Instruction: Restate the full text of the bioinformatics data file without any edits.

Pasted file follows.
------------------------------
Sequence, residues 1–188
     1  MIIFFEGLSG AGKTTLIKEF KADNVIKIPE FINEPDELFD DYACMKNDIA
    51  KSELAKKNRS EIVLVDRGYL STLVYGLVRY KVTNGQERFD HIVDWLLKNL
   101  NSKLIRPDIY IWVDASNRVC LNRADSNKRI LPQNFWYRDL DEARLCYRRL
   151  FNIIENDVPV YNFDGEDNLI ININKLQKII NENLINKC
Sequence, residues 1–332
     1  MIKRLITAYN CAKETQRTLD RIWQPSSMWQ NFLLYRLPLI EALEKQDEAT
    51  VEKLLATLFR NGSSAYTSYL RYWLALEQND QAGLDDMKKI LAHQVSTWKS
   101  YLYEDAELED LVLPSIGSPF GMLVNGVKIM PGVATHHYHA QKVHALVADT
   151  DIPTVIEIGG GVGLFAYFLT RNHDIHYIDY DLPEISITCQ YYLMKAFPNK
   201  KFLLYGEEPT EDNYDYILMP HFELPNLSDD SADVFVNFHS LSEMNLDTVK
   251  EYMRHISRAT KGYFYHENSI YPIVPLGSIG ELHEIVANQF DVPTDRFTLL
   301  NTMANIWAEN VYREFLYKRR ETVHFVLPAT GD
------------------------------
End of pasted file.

Sequence, residues 1–188
     1  MIIFFEGLSG AGKTTLIKEF KADNVIKIPE FINEPDELFD DYACMKNDIA
    51  KSELAKKNRS EIVLVDRGYL STLVYGLVRY KVTNGQERFD HIVDWLLKNL
   101  NSKLIRPDIY IWVDASNRVC LNRADSNKRI LPQNFWYRDL DEARLCYRRL
   151  FNIIENDVPV YNFDGEDNLI ININKLQKII NENLINKC
Sequence, residues 1–332
     1  MIKRLITAYN CAKETQRTLD RIWQPSSMWQ NFLLYRLPLI EALEKQDEAT
    51  VEKLLATLFR NGSSAYTSYL RYWLALEQND QAGLDDMKKI LAHQVSTWKS
   101  YLYEDAELED LVLPSIGSPF GMLVNGVKIM PGVATHHYHA QKVHALVADT
   151  DIPTVIEIGG GVGLFAYFLT RNHDIHYIDY DLPEISITCQ YYLMKAFPNK
   201  KFLLYGEEPT EDNYDYILMP HFELPNLSDD SADVFVNFHS LSEMNLDTVK
   251  EYMRHISRAT KGYFYHENSI YPIVPLGSIG ELHEIVANQF DVPTDRFTLL
   301  NTMANIWAEN VYREFLYKRR ETVHFVLPAT GD